My Top 20 films of the year are listed below. For most them, clicking on the title will take you to my review of the film from earlier in the year. One qualifier before I begin: this doesn’t neatly fit into a “films of 2013” from a cinematic release perspective; thanks to film festivals and press screenings, some of the films here have yet to be released in Australia. While all of them have been released in the US, this isn’t a list of best 2013 US cinematic releases either, since at least one film on the list was screened in 2012 in the US but didn’t make it to here until this year. Equally, there are a couple films recently released in the US (I’m thinking Her and Inside Llewyn Davis here) that I haven’t had the opportunity to see yet. So, simply put: here are the new films I saw in 2013 that I liked the most:
19. This is the End
17. You’re Next
16. The Hunt
15. Upstream Color
12. Side Effects
11. The Turning
10. Zero Dark Thirty
Forget the controversy, this a thoughtful, thorough document that’s powerful as a character study and as a vital insight into modern history. Students will be watching this in classrooms five decades from now and that’s a damn good thing.
Wadjda is remarkable just for the story of its production; it’s challenging enough for female filmmakers to get films produced and distributed in the west nowadays, let alone in Saudi Arabia! That struggle and drive radiates from the screen in a potent feminist film that demands, and rewards, deep analysis.
Maybe the director’s cut is a little too long, and I won’t deny that this is a difficult film to watch. Still, this is a miraculous documentary, surreal and insightful and confronting and impossible to forget.
I have some problems with the Gravity screenplay, but it’s hard to deny the film’s effectiveness as an engrossing experience, placing you squarely in the head of Sandra Bullock’s stranded but sturdy astronaut. My only regret is choosing to see this in 2D, as the consensus seems to be that this was the 3D film (ever?).
I like this more than most people seem to, which is likely testament to my long-held fondness for grim, intelligent thrillers (shlocky twists and all). Honestly, though, there’s one reason this film has ranked so highly for me. Five words: Director of Photography: Roger Deakins.
How does a film like this get made? A film that’s an honest, heartfelt reflection on adult relationships, built on a real foundation of characters that have been around for two decades now? I have no idea, but I’m sure glad we live in a world where a series like this exists (and, fingers crossed, will continue to grow in the future).
Teenagers are the protagonists of the countless films, but The Spectacular Now is the first film I’ve seen in years that truly captures the truth of being a modern(ish) teenager, largely thanks to brilliant performances from Miles Teller and, especially, the sublime Shailene Woodley.
When I find a film I truly love – like, oh, say, Short Term 12 – I tend to look for flaws; it’s easy to pick apart a film you hate, but it’s more difficult to shine harsh light on films that connect with you on an emotional level like this one. The first flaw that occurred to me was, “oh, the ending is perhaps a little unrealistically happy given the level of dark emotion present.” When I stopped to consider the kind of happy endings I was talking about – a young man getting a date, a girl escaping her father for foster care, a young boy finding the energy to get out of bed – it put into perspective how consummately Short Term 12 had drawn me into the emotional reality of these characters. An astounding movie, and the most emotionally affecting thing I saw all year.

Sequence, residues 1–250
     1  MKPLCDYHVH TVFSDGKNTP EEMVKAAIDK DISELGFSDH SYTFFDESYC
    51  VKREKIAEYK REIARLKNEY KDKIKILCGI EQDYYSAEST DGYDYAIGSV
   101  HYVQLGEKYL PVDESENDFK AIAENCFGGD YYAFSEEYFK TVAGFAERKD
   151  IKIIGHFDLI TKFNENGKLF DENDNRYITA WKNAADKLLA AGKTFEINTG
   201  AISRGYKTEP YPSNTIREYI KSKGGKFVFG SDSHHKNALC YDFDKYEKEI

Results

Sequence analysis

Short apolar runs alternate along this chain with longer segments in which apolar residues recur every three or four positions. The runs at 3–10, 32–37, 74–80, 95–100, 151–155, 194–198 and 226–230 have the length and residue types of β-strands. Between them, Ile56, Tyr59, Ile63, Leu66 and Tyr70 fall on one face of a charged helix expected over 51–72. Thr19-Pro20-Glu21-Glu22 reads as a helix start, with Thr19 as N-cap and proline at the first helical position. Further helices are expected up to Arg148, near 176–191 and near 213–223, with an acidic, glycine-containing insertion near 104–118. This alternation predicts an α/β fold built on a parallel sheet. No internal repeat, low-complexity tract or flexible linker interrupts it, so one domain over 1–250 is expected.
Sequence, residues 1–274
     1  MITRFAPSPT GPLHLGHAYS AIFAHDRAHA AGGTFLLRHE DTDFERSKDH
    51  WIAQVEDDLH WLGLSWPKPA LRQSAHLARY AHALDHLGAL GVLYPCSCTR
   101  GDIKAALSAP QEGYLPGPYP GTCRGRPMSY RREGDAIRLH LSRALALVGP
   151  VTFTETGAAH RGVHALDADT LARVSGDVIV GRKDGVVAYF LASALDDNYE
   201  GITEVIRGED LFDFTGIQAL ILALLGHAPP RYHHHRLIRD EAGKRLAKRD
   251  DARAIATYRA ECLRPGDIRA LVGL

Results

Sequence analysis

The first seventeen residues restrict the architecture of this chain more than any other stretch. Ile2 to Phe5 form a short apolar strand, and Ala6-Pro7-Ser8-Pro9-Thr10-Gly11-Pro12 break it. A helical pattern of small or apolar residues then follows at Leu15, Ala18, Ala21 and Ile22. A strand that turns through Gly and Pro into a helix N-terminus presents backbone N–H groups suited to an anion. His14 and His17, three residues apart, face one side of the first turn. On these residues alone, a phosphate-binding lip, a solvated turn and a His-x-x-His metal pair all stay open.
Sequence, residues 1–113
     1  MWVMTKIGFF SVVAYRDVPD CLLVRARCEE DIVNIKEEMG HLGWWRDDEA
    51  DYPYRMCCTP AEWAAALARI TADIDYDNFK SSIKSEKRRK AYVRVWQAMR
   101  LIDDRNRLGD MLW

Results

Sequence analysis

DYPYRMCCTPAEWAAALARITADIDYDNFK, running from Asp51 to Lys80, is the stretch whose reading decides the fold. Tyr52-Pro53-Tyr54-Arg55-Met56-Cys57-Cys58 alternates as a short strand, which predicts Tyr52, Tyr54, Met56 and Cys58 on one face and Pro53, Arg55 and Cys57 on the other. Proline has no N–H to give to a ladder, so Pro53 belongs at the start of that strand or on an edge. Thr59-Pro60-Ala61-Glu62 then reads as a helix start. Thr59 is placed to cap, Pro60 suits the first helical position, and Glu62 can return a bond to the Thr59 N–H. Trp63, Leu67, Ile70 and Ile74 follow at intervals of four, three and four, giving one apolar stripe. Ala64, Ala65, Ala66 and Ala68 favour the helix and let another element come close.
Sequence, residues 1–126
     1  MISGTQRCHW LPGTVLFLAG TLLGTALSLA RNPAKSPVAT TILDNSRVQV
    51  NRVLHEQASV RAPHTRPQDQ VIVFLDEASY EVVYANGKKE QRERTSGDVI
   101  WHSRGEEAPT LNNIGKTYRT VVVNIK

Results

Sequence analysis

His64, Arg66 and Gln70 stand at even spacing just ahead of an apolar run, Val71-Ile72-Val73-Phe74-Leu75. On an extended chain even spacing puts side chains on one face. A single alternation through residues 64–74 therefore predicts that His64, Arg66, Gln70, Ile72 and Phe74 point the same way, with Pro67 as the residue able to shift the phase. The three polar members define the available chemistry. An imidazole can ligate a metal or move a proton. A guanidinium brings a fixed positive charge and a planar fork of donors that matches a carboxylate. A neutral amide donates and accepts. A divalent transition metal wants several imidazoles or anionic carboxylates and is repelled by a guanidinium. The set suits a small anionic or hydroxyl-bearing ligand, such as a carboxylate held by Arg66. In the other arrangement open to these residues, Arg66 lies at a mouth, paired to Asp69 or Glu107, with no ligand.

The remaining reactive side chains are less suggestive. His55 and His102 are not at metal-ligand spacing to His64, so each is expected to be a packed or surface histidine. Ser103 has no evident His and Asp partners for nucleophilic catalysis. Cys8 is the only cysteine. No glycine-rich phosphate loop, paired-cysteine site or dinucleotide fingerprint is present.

I’ve been lucky enough to see 12 Years a Slave twice (despite its release date not arriving ’til January), and the second viewing confirmed the immense achievement this film is. It shines light on the historical horror that lurks beneath the glossy exterior of the United States while also being a profoundly personal story. It’s also just perfectly composed; Steve McQueen is possibly the best director working today, and his talents are on full display here: the way the camera glides and spirals through long takes that go forever without being showy about it, with consistently precise framing and mise en scene. The real accolades, of course, have to go to Chiwetel Ejiofor, who delivers a transfixing, tremendous performance. Necessary.
I’ve been trying to justify my love of Spring Breakers – another film I’ve seen twice this year – and it’s easy to pinpoint intellectual justifications. The film is a searing satire, a simultaneous celebration and interrogation of the excess that defines the modern American dream, the dream of, as I said in my review, having everything but doing nothing. But if I’m being honest, Spring Breakers resonates for me in the way it captures the hazy unreality of release, when intoxication takes over and reality seems to drift away, when everything seems possible and consequences seem implausible and the demarcation between dreams and the “real world” fades away. Spring break, y’all. Spring break forever.